No Cases Past 2 Months
The DOC said it had not had a case within the jails since July 5.
In a statement, the DOC’s Deputy Commissioner for Public Information, Peter Thorne, said the department “regularly communicates with staff” regarding the use of protective equipment.
“We are committed to ensuring that all those who work and live in our facilities remain safe during the COVID-19 crisis and will continue to impress upon staff the importance of following public health guidelines,” he said.
After spiking among staff and inmates in April and May, infections plummeted within the jails. By definition, though, conditions inside the jails are ripe for an expected second coronavirus surge.
During the Board of Correction’s meeting, the DOC’s Deputy Commissioner of Quality Assurance and Integrity, Patricia Feeney, said the department had “plenty” of readily available protective equipment for both staff and inmates.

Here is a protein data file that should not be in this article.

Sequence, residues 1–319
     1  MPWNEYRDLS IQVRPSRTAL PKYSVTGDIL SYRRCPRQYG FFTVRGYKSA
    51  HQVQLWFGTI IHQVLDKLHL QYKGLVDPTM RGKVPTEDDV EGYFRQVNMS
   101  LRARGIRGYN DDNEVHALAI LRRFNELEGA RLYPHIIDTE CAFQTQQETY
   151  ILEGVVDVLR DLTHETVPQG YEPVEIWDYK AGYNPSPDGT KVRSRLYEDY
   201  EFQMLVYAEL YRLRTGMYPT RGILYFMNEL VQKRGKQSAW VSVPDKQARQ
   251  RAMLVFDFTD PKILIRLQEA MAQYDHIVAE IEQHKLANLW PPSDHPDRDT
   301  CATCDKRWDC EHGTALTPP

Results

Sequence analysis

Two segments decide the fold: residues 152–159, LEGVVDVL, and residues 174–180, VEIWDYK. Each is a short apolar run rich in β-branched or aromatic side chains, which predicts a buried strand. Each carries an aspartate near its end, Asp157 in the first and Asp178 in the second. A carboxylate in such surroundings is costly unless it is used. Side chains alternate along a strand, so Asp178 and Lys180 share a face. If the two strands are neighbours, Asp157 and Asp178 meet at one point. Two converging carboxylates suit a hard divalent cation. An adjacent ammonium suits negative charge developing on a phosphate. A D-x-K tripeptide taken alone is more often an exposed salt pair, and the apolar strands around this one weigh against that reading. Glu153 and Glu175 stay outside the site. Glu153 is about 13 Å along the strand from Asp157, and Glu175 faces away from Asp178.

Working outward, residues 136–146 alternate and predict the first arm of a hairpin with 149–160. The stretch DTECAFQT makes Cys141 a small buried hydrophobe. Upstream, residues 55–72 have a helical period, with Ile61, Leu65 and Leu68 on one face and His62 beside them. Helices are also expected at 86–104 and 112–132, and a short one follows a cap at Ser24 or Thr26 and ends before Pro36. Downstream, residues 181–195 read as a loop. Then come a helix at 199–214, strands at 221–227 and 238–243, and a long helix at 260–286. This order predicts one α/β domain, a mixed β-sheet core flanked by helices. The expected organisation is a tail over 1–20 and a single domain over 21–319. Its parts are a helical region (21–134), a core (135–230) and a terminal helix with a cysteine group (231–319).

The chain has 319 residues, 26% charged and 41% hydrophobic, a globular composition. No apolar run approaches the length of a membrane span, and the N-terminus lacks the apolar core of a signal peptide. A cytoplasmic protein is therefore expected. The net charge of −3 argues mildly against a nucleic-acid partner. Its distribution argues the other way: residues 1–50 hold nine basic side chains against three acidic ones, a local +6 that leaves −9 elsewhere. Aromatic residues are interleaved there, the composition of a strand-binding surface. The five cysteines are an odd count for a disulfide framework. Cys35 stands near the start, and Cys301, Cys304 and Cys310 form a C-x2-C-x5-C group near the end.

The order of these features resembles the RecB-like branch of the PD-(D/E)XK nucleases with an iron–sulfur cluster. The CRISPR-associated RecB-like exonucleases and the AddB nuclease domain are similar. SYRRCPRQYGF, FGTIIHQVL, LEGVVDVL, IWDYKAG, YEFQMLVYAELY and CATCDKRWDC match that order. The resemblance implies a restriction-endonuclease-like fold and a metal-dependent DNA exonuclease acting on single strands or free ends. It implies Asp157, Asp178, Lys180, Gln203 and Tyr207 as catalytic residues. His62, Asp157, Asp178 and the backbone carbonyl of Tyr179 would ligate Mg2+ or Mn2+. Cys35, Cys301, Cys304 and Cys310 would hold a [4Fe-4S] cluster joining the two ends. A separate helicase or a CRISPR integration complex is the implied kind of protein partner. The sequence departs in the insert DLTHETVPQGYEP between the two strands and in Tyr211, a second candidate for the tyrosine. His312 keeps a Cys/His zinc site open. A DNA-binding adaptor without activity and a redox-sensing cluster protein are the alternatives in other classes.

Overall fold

“It is expected that deficiencies will be abated immediately,” she said.
Not Encouraged to Wear
But Robert Cohen, a board member and a physician who is a former director of the Montefiore Rikers Island Health Services, said that during an August visit to the Anna M. Kross Center jail on Rikers, he did not see that masks were as available to staff as the Deputy Commissioner suggested.
“I observed at that time a substantial failure of staff and of incarcerated persons to be wearing masks. It was the normal process there,” he said. “Clearly there was no process involved in encouraging people to wear masks...I did not get any sense this was a very isolated experience.”
He said he was concerned about DOC plans for coping with a second wave should it occur.
In response, Commissioner Brann recalled the department’s success in managing the coronavirus outbreak within city jails, but agreed with Dr. Cohen that staff were too often forsaking masks.
“When I tour, I see the same things that you do and I frequently remind staff about wearing their masks,” she said, adding that signage about them “is up everywhere.”
Masks are there for the asking, she said.